Award-winning artist Fiona Kerr Gedson is well known for her intricate compositions of skillfully arranged feathers, indicative of Kahu Huruhuru – traditional Māori feather cloaks. These korowai or cloaks are highly treasured as displays of mana – honor and prestige. Fiona's meticulously crafted pieces have been described by Curators as “meditative and encompassing of many cultures”; that they are “an expression of her family, life-stages & spirituality”.
Based in Ōpōtiki, in the Eastern Bay of Plenty, within the boundaries of Te Whakatōhea Iwi, from whom her four adult children and one mokopuna descend, Fiona works from her home near Waiotahe Beach. Having grown up in Tāneatua & Rūātoki, within the presence of the Tūhoe people, she acknowledges that these influences have contributed to her perspective on life.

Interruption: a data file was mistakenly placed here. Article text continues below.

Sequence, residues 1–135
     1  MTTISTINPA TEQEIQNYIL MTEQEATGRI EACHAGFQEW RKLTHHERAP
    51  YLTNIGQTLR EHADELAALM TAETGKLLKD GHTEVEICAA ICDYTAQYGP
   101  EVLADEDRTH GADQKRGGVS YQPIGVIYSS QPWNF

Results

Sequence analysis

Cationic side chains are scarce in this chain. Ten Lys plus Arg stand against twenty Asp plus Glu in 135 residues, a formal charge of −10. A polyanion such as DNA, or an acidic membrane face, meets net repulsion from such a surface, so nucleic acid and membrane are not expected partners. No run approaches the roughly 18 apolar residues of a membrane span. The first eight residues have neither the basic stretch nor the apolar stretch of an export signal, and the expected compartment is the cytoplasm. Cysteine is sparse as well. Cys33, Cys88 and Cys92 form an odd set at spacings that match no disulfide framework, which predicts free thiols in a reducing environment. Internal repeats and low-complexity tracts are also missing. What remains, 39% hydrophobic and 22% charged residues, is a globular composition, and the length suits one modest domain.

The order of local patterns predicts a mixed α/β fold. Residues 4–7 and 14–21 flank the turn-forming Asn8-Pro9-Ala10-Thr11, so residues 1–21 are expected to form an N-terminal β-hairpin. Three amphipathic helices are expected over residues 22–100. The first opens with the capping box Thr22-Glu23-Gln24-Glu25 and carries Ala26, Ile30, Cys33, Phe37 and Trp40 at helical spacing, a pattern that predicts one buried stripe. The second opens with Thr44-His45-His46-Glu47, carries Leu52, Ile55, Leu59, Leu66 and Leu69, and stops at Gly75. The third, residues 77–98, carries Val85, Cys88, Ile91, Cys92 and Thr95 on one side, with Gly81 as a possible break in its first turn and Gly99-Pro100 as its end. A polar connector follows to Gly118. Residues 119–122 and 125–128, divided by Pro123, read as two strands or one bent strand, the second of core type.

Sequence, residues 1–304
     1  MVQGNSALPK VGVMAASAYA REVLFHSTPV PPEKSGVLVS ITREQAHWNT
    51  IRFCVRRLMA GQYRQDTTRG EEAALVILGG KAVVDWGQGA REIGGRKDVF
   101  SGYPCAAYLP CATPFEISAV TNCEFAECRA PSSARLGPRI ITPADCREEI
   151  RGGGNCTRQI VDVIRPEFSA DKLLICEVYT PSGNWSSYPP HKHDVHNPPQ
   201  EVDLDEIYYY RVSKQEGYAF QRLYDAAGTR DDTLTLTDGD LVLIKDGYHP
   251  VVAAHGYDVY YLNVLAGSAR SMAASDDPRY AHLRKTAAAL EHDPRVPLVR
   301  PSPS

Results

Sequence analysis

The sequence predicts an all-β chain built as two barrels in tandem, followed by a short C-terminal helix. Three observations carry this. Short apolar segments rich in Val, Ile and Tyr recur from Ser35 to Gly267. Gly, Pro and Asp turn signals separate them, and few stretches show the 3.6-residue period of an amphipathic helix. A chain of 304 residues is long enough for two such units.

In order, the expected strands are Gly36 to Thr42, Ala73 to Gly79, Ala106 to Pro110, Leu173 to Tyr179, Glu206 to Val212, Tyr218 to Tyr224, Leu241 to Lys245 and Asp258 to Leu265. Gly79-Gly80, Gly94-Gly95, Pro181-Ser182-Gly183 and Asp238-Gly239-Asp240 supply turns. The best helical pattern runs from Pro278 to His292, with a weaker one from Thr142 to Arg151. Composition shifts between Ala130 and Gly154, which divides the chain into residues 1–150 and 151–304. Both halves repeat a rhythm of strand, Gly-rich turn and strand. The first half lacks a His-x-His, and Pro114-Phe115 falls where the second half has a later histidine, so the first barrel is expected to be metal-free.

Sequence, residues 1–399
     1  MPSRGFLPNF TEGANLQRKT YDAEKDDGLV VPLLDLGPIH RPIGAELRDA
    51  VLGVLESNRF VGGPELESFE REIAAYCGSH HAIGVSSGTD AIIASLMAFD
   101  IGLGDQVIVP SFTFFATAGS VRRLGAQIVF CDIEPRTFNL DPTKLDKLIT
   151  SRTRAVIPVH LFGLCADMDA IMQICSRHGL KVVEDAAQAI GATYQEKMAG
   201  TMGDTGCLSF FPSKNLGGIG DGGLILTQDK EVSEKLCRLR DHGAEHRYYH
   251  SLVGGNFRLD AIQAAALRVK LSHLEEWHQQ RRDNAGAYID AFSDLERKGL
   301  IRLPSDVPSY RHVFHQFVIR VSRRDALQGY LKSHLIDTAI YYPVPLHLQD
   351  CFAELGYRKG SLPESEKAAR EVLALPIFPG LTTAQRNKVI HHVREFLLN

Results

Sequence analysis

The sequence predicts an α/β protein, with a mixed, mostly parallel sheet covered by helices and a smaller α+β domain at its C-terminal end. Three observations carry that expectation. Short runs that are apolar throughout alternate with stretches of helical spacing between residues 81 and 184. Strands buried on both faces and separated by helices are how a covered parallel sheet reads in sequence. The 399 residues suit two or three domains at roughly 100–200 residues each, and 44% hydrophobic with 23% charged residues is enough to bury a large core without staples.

“Light reflecting the inherent beauty of feathers and the placing of them into repetitive patterns which soothe, with enough complexity to hold interest and attention. These are the simple things of which my mahi comprises. Yet there is a culmination far greater which I can take little credit for, I am merely a conduit through which Creative Source Energy flows and it is that which is connected to through my work. Tihei mauri ora! Life force is alive!
My work allows me to reflect and honor the things that are important to me and I can see the development of it over time which excites me – I’m eager to see where to next, what more is possible...”
Much of Fiona’s works draw inspiration from the Mandala (Sanskrit for circle), a form that has origins in ancient Buddhism. It is intended to be a ‘collection point of universal forces’ through which the viewer can gain wisdom and happiness.